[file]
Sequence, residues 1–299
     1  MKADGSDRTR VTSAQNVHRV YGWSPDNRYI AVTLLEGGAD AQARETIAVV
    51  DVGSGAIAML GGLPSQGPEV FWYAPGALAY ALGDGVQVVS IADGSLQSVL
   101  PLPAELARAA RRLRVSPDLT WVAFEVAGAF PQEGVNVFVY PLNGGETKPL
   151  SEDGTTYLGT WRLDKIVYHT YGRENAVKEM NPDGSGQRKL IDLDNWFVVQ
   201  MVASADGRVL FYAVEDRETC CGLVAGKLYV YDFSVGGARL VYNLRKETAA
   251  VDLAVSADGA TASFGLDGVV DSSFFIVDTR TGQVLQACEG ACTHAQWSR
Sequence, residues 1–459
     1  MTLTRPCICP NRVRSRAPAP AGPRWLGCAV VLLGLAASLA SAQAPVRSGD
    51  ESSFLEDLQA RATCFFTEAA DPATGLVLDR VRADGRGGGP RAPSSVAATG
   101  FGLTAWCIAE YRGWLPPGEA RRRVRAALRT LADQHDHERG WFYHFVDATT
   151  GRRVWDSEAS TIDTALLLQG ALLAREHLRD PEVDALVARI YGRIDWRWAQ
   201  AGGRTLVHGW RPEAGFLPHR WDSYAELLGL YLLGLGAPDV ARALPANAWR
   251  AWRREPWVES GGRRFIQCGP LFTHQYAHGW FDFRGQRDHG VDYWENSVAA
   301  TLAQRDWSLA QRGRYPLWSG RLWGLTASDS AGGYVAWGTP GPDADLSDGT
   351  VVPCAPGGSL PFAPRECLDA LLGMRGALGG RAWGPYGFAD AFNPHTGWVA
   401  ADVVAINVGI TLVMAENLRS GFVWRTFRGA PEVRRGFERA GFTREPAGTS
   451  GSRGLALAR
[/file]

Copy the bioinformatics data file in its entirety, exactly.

Sequence, residues 1–299
     1  MKADGSDRTR VTSAQNVHRV YGWSPDNRYI AVTLLEGGAD AQARETIAVV
    51  DVGSGAIAML GGLPSQGPEV FWYAPGALAY ALGDGVQVVS IADGSLQSVL
   101  PLPAELARAA RRLRVSPDLT WVAFEVAGAF PQEGVNVFVY PLNGGETKPL
   151  SEDGTTYLGT WRLDKIVYHT YGRENAVKEM NPDGSGQRKL IDLDNWFVVQ
   201  MVASADGRVL FYAVEDRETC CGLVAGKLYV YDFSVGGARL VYNLRKETAA
   251  VDLAVSADGA TASFGLDGVV DSSFFIVDTR TGQVLQACEG ACTHAQWSR
Sequence, residues 1–459
     1  MTLTRPCICP NRVRSRAPAP AGPRWLGCAV VLLGLAASLA SAQAPVRSGD
    51  ESSFLEDLQA RATCFFTEAA DPATGLVLDR VRADGRGGGP RAPSSVAATG
   101  FGLTAWCIAE YRGWLPPGEA RRRVRAALRT LADQHDHERG WFYHFVDATT
   151  GRRVWDSEAS TIDTALLLQG ALLAREHLRD PEVDALVARI YGRIDWRWAQ
   201  AGGRTLVHGW RPEAGFLPHR WDSYAELLGL YLLGLGAPDV ARALPANAWR
   251  AWRREPWVES GGRRFIQCGP LFTHQYAHGW FDFRGQRDHG VDYWENSVAA
   301  TLAQRDWSLA QRGRYPLWSG RLWGLTASDS AGGYVAWGTP GPDADLSDGT
   351  VVPCAPGGSL PFAPRECLDA LLGMRGALGG RAWGPYGFAD AFNPHTGWVA
   401  ADVVAINVGI TLVMAENLRS GFVWRTFRGA PEVRRGFERA GFTREPAGTS
   451  GSRGLALAR